Upper West Side tenants accuse Slate of “inhumane displacement”

Residents allege rent spikes after $120M acquisition, but Slate claims 9% average increase

UWS Tenants Accuse Slate of “Inhumane Displacement”
600 Columbus Avenue; Slate Property Group's Martin Nussbaum (Google Maps, Slate Property Group, Getty)

Some tenants at Slate Property Group’s Upper West Side apartments are accusing the owner of “inhuman displacement.”

Tenants at the 166-unit rental property at  600 Columbus Avenue complained to the West Side Rag of abrupt lease non-renewals, lease renewals at significantly higher rates or the possibility of temporary displacement for unit renovation. 

“They’re making our life hell,” one resident told the publication.

But Slate says 76 percent of tenants whose market-rate leases have come up for renewal in the past year elected to stay in the building.

Slate acquired the property just over one year ago for $120 million. At the time, David Schwartz and Martin Nussbaum’s firm appeared to score a steal, considering the property’s age and lack of rent-stabilized units, though roughly 20 percent of tenants use housing vouchers.

Residents are fearful they are being forced out of their homes said apartments that ran for $5,000 a month have soared to $8,200. It was not clear if they were referring to their own units or to newly renovated ones.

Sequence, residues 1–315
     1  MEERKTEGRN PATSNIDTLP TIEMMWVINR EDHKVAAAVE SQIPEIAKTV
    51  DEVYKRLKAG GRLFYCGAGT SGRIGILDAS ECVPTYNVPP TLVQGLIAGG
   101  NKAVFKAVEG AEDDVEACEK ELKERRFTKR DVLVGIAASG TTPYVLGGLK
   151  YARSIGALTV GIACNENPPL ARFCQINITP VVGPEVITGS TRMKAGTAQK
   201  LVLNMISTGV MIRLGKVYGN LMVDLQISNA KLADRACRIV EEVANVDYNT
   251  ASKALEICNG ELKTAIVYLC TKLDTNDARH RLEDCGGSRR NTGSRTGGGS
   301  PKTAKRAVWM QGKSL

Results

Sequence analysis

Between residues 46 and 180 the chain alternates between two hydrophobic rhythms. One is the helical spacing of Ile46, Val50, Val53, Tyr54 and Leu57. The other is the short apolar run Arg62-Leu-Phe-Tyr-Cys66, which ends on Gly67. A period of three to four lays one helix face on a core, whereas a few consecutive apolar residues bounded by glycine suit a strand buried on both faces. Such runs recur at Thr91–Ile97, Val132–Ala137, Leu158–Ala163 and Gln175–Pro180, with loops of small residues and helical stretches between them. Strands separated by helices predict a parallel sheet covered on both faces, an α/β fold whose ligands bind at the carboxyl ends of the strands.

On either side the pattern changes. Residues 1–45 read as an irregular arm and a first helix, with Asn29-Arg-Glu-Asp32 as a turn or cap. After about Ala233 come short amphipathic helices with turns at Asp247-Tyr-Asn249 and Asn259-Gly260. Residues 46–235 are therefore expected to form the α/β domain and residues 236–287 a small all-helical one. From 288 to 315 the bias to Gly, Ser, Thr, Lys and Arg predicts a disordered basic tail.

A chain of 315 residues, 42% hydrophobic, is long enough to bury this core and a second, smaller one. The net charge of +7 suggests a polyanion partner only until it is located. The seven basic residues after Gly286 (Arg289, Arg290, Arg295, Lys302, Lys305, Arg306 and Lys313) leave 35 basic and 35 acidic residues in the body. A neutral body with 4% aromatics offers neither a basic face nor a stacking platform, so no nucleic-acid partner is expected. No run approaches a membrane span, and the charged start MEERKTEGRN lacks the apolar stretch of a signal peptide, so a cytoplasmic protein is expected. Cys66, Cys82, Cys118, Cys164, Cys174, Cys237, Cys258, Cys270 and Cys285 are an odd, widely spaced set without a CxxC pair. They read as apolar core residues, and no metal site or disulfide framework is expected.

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Slate claimed in a statement “the average change to market-rate leases has been 8.6 percent after a period of no increases at all,” a figure all of the residents who spoke to the outlet said was below received rent increases.

“We believe this is the right path to keep this building safe, attractive, and welcoming, and the vast majority of residents are choosing to stay with us,” a spokesperson for the owner said. Slate is adding a gym and other amenities, and sprucing up common areas and apartments.

Slate has informed residents both that their leases won’t be renewed, and they won’t be allowed to break existing leases early, the West Side Rag reported. (Landlords rarely go after tenants who exit their leases early, though they do keep security deposits if that happens.)

Dozens of residents formed a group to explore legal strategies regarding some of Slate’s actions. Tenants rights expert Charlie Dulik has met with the group, but told West Side Rag that Slate appeared to be within its legal rights. 

Holden Walter-Warner

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